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Stress Management, Music, and Audio Medicine

One of the biggest contributors to ALL DIS-EASE is chronic stress and our ability to manage it.  Today we live in a world of immediacy - our cell phones are always on and we are continually surrounded by multiple interactive screens that clamor for our attention 24/7.   If we don't detach and let go of these stressors, we start to have warning signs that our bodies are not tolerating the flood of stress based chemicals (like cortisol and worse).  These symptoms can include depression, insomnia, irritability, stomach distress, migraines, eye twitching, joint pain, and fatigue.  Over time, this can manifest into more serious issues such as type diabetes, heart disease, stroke, and autoimmune diseases. 

What to do?  First of all, I have had to force myself to detach from the stressful inputs coming from my cell phone, computer, TV, Amazon Echos, iPads, etc.   One way I found to do this is to turn off the notifications during rest periods, and use these devices to provide the relaxation I need.   A device is not in and of itself inherently bad - and technology is a double-edged sword.  How do I do this?   During dinner, my husband and I take turns requesting our Amazon Echo to play music we love.   I request jazz, he usually goes for blues and classic rock but we learn from each other about different artists and types of music.  This provides a nice pause from a work-from-home never ending business day.  Secondly,I have discovered the use of headphones and two types of audio engineered tracks that reduce stress by managing brainwaves; isochiral music and binaural music.   Isochiral music works by stimulating parts of the brain that govern a specific area of interest.  Users such as myself have reported surprisingly positive results, and many apps can be found in the Apple store from a bunch of different vendors.  Binaural music is similar, but works through headphones by having one frequency sent to one ear and a different one to another ear - as your brain splits the difference.  I have also had great results with these tracks as well - as long as I take the time to actually put my headphones on during my stressful day to take advantage of these wonderful resources! Remember, things don't work unless you use them.  I have also found that results only come with consistency.  Doing it once and expecting it to work miracles just doesn't happen.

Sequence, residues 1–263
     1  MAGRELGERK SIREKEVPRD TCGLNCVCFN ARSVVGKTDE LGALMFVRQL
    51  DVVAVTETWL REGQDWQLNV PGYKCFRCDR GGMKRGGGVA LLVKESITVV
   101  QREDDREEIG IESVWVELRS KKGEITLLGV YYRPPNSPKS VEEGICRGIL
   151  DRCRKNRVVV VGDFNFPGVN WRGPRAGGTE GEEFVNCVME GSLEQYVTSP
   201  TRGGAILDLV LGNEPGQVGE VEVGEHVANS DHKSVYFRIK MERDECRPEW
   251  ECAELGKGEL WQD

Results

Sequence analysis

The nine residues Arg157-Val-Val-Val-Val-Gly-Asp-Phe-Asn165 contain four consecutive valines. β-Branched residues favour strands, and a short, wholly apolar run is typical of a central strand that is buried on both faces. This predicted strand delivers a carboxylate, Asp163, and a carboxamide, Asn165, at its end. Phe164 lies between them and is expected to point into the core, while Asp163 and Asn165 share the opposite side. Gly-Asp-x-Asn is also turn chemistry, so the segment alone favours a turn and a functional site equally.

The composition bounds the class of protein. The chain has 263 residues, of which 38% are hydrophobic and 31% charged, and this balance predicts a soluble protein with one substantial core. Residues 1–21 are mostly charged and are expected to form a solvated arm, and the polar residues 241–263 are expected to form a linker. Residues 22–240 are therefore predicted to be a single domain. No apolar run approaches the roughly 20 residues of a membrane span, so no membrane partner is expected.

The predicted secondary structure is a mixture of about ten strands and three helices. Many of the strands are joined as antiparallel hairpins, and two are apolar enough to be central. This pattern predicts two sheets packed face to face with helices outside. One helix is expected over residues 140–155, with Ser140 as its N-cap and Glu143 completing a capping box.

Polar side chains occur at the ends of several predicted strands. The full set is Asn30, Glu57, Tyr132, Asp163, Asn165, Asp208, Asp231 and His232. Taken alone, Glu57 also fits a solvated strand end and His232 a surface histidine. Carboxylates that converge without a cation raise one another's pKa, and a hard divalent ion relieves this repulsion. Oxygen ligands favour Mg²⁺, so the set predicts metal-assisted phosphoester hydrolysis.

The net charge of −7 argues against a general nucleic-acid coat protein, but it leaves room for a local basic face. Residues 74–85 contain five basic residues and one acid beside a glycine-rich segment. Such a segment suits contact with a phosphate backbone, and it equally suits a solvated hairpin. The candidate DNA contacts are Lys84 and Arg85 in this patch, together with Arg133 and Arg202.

As a musician, I may be a bit biased but I also feel that we are just beginning to uncover the many health benefits of listening to live music.  I attended the Blues and Bones festival in Angels Camp, CA this weekend, and I literally felt the stress falling off my shoulders while listening!  Music has a purifying, refining effect on our central nervous systems, and it lifts us above our daily concerns to an entirely new state of consciousness.  In this sense, musicians are our new "medical doctors" as they spin healing frequencies and rhythms all around us while practicing their craft. 

Mental health professionals and scientists are learning more every day about how music affects us in a positive way.  From the American Psychological Association:

"While music has long been recognized as an effective form of therapy to provide an outlet for emotions, the notion of using song, sound frequencies and rhythm to treat physical ailments is a relatively new domain, says psychologist Daniel J. Levitin, PhD, who studies the neuroscience of music at McGill University in Montreal. A wealth of new studies is touting the benefits of music on mental and physical health. For example, in a meta-analysis of 400 studies, Levitin and his postgraduate research fellow, Mona Lisa Chanda, PhD, found that music improves the body's immune system function and reduces stress. Listening to music was also found to be more effective than prescription drugs in reducing anxiety before surgery (Trends in Cognitive Sciences, April, 2013).

"We've found compelling evidence that musical interventions can play a health-care role in settings ranging from operating rooms to family clinics," says Levitin, author of the book "This is Your Brain on Music" (Plume/Penguin, 2007). The analysis also points to just how music influences health. The researchers found that listening to and playing music increase the body's production of the antibody immunoglobulin A and natural killer cells — the cells that attack invading viruses and boost the immune system's effectiveness. Music also reduces levels of the stress hormone cortisol.

"This is one reason why music is associated with relaxation," Levitin says."

I look forward to the day when doctor's prescribe one hour of John Coltrane, followed by a smattering of the Beatles and Zepplin instead of opiods for pain! 

 

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